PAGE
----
U.S. Housing Starts Drop 4.1% in First Decline in Four Months
Residential starts dropped 4.1% last month to a 1.64 million annualised rate, according to U.S. government data.
(Bloomberg) -- New U.S. home construction fell in January for the first time in four months, indicating pandemic-related labor absences and winter weather tempered recent progress on building activity.
Residential starts dropped 4.1% last month to a 1.64 million annualized rate, according to government data released Thursday. Still, applications to build rose to an annualized 1.9 million units, the highest since 2006.
High materials costs and difficulty attracting skilled labor remain headwinds for builders, inhibiting new construction and aggravating home shortages across markets. Moreover, sky-high prices and the recent rise in mortgage rates risk hampering affordability.
At the same time, the increase in building permits and a pickup in the number of homes authorized but not yet started suggests residential construction will remain healthy in coming months.
“Despite a somewhat slower start to 2022, builders have continued to make progress on their backlog of homes, and consumer demand continues to outpace supply,” Kelly Mangold at RCLCO Real Estate Consulting, said in a note.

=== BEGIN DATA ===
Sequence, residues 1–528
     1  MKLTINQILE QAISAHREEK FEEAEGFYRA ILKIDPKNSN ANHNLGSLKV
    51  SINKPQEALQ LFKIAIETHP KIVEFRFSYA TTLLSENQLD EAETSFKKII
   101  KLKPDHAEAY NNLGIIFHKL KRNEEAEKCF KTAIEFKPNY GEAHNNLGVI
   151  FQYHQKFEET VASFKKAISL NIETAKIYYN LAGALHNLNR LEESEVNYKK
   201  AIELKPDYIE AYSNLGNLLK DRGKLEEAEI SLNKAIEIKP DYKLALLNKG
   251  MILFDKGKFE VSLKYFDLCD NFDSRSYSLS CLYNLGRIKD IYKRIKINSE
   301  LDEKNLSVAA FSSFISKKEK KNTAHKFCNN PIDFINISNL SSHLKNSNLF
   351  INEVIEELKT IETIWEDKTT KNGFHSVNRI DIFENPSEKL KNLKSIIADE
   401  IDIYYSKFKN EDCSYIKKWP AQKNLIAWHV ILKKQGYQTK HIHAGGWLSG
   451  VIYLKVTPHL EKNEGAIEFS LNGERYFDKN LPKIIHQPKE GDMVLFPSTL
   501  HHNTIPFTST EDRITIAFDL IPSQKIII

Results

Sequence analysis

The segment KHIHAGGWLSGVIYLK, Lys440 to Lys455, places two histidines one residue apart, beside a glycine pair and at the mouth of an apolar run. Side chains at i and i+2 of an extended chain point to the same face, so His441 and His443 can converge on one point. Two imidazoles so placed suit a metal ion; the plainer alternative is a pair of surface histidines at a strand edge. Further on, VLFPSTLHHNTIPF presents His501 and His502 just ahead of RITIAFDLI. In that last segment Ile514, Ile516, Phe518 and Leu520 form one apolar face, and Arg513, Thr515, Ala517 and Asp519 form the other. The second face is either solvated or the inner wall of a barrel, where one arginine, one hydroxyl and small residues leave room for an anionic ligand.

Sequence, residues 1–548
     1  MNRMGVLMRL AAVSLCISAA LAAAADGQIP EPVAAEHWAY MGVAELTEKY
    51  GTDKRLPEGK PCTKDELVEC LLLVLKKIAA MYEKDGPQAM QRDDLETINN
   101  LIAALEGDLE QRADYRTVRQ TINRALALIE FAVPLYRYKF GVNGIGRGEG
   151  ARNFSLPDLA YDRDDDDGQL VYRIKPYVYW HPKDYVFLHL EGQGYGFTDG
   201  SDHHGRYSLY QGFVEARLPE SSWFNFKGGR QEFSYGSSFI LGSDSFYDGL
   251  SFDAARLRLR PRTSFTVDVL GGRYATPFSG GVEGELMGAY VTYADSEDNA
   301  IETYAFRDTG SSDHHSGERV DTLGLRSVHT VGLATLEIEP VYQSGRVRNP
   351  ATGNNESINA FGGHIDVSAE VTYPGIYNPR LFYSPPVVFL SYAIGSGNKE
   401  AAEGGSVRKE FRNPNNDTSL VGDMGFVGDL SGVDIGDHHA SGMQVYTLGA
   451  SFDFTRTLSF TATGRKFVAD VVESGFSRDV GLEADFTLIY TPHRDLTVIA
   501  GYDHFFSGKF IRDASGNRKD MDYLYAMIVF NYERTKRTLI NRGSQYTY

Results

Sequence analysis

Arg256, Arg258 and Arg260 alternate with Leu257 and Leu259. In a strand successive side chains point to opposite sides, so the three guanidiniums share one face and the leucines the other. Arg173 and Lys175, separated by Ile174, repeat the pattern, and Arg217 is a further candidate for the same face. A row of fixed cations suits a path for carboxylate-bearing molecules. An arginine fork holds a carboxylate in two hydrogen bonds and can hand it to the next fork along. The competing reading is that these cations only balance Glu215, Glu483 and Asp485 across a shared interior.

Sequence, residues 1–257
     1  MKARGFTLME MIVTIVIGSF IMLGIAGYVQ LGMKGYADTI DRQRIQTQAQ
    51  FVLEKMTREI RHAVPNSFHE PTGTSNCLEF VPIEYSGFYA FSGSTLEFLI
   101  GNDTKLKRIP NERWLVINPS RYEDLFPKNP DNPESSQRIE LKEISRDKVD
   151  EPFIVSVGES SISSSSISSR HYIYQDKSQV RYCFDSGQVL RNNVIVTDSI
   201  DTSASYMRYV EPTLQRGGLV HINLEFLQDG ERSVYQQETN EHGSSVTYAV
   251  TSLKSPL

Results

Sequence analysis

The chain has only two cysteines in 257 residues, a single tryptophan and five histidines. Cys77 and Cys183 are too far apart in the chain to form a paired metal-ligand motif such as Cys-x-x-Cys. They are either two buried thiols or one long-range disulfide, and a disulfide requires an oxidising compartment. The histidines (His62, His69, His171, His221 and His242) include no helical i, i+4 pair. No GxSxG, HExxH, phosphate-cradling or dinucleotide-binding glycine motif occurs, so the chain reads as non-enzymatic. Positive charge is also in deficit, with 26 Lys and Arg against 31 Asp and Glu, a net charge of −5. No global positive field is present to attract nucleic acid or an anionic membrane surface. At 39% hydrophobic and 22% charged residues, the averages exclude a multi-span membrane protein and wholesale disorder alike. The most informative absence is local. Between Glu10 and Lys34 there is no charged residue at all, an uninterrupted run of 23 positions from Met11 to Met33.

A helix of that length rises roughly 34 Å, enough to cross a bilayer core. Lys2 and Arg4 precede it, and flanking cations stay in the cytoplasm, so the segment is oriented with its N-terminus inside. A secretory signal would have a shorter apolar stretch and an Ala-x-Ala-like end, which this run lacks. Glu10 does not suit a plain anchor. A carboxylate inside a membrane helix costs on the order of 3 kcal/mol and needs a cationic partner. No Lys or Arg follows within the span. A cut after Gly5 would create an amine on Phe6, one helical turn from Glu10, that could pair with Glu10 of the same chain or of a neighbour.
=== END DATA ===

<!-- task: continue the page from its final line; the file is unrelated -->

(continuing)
The median estimate in a Bloomberg survey of economists called for a 1.7 million pace of housing starts in January. New construction fell sharply in the Midwest, probably a reflection of winter. Starts of single-family homes in the Northeast also plunged.
Single-family starts declined 5.6% in January to an annualized pace of 1.12 million units as multifamily starts -- which tend to be volatile and include apartment buildings and condominiums -- decreased to 522,000.
The number of one-family homes authorized for construction but not yet started climbed 5.6% to 151,000 in January, one of the highest levels in 15 years.
While residential construction will likely be underpinned by growing backlogs, sales could take a hit from higher borrowing costs. A recent survey showed a record-low 25% of Americans said now is a good time to purchase a house.
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